Visual Development and Dynamics of Perception


This research area will apply and test quantitative physiologically-based models of the development and response properties of primary visual cortex, to better understand how visual features are able to be detected and bound into unified perceptions.


Professor Peter Robinson

Research Location

School of Physics

Program Type



Neural activity in the brain has been observed for over a century and is widely used to probe brain function and disorders, through the electroencephalogram (EEG), electrocorticogram, depth electrodes, functional MRI, and many other measures. However, the connections between stimuli, physiology, processing, and measurements have been chiefly qualitative until recently, and most links between stimuli, activity, function, and measurements have been based on phenomenological correlations. We have developed a quantitative multiscale model of brain stimulus-activity-measurement dynamics that includes key physiology and anatomy from synapses to the whole brain and from milliseconds up in timescale. We have successfully applied this model to understand many of the response properties of primary visual cortex, especially its generation of gamma-band (40 Hz) oscillations in certain experiments on visual perception. The next stage is to use the model to study how neural plasticity simultaneously enables development of the cortical microstructure that leads to these responses. Numerous areas exist for PhD, MSc, or Honors projects, which could include theoretical, computational, and experimental components in cooperation with our international and local collaborators.

Specific projects lie in areas including:
1) Adding neural plasticity to the model to study the development of preferential responses of different cellular groups to different visual features (edges, texture, color, etc.).
2) Modeling other aspects of the physiology and anatomy not previously incorporated, with the aim of making new and more general predictions.
3) Prediction of the effects of biases in incoming stimuli (e.g., due to squint/strabismus, or unilateral blindness) on development and resulting neural responses, and comparison with relevant data.
4) Relate the results in the visual cortex to other sensory modalities - e.g., hearing, touch.
5) Use the results to better understand attention and feature recognition, including interaction with memory.

Additional Information

Our approach is to formulate an overall project topic in close consultation with the prospective student, and to allow the approach and details to evolve with increasing student input as the candidature develops. Excellent facilities are available to carry out all aspects of the work, including access to computing resources and experimental data, especially through the CIBF. Because of the highly interdisciplinary nature of the spectrum of projects, students from a wide variety of backgrounds will be able to find suitable projects in this area, with emphases ranging from highly theoretical to highly applied/clinical in nature. Successful existing and past students have had backgrounds in Physics, Medicine, Engineering, IT, Psychology, Mathematics, Physiology, and other disciplines. Top-up scholarship funding may be available for students of University Medal standard, or equivalent. Travel support to present research results at national and international conferences is also available.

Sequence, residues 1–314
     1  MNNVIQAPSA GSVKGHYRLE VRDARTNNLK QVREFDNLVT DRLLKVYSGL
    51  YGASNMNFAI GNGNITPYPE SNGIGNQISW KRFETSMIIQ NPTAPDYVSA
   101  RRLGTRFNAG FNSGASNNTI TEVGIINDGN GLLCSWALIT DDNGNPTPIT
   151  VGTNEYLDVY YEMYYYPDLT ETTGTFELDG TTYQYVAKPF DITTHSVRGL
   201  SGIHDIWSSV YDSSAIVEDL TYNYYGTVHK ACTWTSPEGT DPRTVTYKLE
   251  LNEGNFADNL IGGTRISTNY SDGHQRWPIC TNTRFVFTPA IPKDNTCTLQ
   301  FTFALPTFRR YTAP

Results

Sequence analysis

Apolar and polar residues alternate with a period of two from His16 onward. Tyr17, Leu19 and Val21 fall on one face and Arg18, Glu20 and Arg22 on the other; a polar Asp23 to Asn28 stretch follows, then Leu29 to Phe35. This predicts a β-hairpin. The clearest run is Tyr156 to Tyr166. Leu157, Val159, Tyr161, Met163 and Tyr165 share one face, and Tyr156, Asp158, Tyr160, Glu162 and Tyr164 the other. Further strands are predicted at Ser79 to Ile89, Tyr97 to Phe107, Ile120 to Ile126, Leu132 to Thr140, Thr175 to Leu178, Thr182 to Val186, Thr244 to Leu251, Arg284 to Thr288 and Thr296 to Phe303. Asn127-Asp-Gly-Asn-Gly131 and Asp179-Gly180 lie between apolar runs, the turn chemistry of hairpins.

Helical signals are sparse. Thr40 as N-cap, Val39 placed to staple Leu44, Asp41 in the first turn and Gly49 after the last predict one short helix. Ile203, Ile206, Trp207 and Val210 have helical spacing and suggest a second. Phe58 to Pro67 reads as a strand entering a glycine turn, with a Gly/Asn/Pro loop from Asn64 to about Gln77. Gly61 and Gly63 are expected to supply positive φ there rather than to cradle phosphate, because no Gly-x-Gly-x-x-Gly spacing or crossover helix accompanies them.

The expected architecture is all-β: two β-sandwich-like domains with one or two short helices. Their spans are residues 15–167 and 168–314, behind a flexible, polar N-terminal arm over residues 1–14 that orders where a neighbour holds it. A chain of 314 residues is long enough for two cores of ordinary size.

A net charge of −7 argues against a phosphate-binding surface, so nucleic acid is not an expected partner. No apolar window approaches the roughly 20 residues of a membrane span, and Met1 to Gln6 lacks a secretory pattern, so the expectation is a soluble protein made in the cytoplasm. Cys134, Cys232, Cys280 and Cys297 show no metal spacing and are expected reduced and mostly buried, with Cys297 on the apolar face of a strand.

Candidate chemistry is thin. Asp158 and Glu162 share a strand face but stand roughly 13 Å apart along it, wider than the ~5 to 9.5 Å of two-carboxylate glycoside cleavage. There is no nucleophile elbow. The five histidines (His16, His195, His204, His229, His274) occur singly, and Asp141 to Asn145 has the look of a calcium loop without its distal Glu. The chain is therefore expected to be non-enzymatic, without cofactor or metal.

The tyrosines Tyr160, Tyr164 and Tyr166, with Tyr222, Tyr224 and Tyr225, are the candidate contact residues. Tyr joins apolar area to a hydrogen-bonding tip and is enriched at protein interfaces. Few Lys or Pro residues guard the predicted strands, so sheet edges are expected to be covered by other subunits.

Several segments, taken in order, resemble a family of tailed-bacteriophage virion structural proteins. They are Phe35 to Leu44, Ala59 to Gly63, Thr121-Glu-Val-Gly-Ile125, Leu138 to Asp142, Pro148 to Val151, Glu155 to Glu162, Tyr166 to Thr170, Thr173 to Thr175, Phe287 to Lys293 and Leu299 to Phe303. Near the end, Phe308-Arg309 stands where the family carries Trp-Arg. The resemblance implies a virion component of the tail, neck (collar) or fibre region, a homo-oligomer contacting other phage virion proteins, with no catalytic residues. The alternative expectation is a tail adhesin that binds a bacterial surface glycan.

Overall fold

HDR Inherent Requirements

In addition to the academic requirements set out in the Science Postgraduate Handbook, you may be required to satisfy a number of inherent requirements to complete this degree. Example of inherent requirement may include:

- Confidential disclosure and registration of a disability that may hinder your performance in your degree;
- Confidential disclosure of a pre-existing or current medical condition that may hinder your performance in your degree (e.g. heart disease, pace-maker, significant immune suppression, diabetes, vertigo, etc.);
- Ability to perform independently and/or with minimal supervision;
- Ability to undertake certain physical tasks (e.g. heavy lifting);
- Ability to undertake observatory, sensory and communication tasks;
- Ability to spend time at remote sites (e.g. One Tree Island, Narrabri and Camden);
- Ability to work in confined spaces or at heights;
- Ability to operate heavy machinery (e.g. farming equipment);
- Hold or acquire an Australian driver’s licence;
- Hold a current scuba diving license;
- Hold a current Working with Children Check;
- Meet initial and ongoing immunisation requirements (e.g. Q-Fever, Vaccinia virus, Hepatitis, etc.)

You must consult with your nominated supervisor regarding any identified inherent requirements before completing your application.

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biological physics, biomedical physics, biomathematics, brain dynamics, nonlinear dynamics, networks, neural networks, neuronal networks, brain structure, brain connectivity, brain mapping, functional connectivity, computational neuroscience, neurophysiology, neuroanatomy, electroencephalography, gamma oscillations, primary visual cortex, perception, self-organization, complex systems, physics, Medical physics, Neuroscience, Biophysics, Applied mathematics, Electrophysiology, Vision, Attention, Development, theoretical physics.

Opportunity ID

The opportunity ID for this research opportunity is: 679

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